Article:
"Timfire7" wrote:I put a lot of time and effort into aptitude tests, like a lot of others on here; however with recent reflection, I realized if I got an interview, I would not be prepared. Anybody out here willing to share past interview experiences/questions. Any help would be appreciated, I should really start to work on this. Thank you.
I've had (5) interviews over the past 8+ yrs, and it's always extremely nerve racking, regardless of how prepared you are. I've had coaching three times, and I highly suggest it. Every interview I've had gets better and better with the last one leaving me feeling very confident, but it still wasn't enough. The interview's for all the marbles, so I'd really focus on that.
As for the interview side of things- my only suggestion is that you be intimately familiar with the department and the community you're applying for. Look at the service's history and find aspects of its progression that inspired you or interested you in becoming a member. Get a feel for what they value and subtly draw connections between those and your own. Know what the shift schedule is and get a feel for what type of apparatus they run. You may get an opportunity to chip in a quick comment about how much pride the crews take in the apparatus since they're always immaculate, or make a side comment about how you've worked on that style of truck before and really liked it... or... how the transverse was set up... or whatever. It demonstrates an interest in the service.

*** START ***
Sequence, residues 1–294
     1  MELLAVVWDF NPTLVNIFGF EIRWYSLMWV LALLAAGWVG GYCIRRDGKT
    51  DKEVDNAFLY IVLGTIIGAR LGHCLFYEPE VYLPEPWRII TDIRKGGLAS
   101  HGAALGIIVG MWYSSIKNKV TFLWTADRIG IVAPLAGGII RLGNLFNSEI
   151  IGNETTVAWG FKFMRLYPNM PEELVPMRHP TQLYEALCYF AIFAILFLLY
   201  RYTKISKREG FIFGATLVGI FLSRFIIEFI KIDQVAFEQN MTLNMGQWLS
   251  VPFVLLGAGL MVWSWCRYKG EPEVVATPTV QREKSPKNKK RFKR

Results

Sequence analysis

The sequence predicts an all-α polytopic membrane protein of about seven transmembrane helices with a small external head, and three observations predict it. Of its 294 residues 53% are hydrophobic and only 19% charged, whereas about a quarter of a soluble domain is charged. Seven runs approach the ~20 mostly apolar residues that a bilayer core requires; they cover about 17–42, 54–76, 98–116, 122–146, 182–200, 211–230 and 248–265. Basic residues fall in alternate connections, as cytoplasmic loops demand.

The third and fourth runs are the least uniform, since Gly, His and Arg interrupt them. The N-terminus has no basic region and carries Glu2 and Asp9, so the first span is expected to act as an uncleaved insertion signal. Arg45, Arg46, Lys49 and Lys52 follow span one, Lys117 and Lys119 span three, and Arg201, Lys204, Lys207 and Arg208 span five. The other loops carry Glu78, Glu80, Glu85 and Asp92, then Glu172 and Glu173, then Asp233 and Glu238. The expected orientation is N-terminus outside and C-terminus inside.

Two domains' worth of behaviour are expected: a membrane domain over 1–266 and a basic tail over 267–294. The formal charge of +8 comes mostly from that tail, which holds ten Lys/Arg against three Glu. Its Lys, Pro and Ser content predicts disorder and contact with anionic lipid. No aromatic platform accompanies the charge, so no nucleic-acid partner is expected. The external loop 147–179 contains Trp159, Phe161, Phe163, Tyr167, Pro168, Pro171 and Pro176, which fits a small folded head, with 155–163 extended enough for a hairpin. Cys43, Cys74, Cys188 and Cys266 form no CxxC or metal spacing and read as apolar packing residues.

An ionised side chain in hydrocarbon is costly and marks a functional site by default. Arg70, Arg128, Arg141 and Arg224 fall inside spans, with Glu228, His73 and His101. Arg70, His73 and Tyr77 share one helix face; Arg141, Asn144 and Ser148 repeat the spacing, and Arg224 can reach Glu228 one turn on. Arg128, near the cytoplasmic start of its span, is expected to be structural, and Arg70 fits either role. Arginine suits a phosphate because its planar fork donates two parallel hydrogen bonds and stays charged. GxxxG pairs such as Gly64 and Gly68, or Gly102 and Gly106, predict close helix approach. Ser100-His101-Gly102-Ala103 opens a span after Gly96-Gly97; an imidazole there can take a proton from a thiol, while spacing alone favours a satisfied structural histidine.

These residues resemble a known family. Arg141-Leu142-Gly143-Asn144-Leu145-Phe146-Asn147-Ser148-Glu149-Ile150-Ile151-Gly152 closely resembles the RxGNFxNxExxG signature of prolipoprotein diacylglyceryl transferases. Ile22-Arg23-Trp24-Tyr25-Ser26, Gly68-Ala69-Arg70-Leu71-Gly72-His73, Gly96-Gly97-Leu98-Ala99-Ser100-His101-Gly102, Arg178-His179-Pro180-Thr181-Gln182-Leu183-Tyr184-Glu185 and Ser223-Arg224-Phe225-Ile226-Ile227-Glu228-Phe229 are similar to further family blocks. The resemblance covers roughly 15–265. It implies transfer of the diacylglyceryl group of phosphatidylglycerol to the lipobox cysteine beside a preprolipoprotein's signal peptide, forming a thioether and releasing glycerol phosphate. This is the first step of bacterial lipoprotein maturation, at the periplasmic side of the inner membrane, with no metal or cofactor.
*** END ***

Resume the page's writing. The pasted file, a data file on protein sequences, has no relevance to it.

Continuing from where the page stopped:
It's much, much easier walking into the interview with a sense of what they're going to ask or at least have something to which to connect your answers. It gives you a focal point- a map... You know how to route your answers to the destination. Not only does it demonstrate your values (don't like about your values- find ways to connect yours to theirs... if they don't line up then why are you even there?) but it also clearly shows that you have done your research.
If you have an intriguing story about why it is that you decided to be a firefighter- then make sure you keep it in your back pocket because the HR folks still think it's pretty magical. The whole "I just really like to help people" thing got old about 2 decades ago and if a firefighter / chief officer is sitting in his eyes will backpedal into his head. I pay more attention to the guy who says "Chicks dig a guy in uniform" since he's obviously got a sense of humour.
AFD / FOD
"Because sometimes what they know CAN hurt you."
-understand the department you are applying for. Go do a ride along, understand what is important to them through questions to who works there
-understand yourself, you should have a good idea of at least five of your strengths/attributes.
-match the above two. You should have a general idea of the questions, now how do you connect the two?
if you want more advice send me a message.
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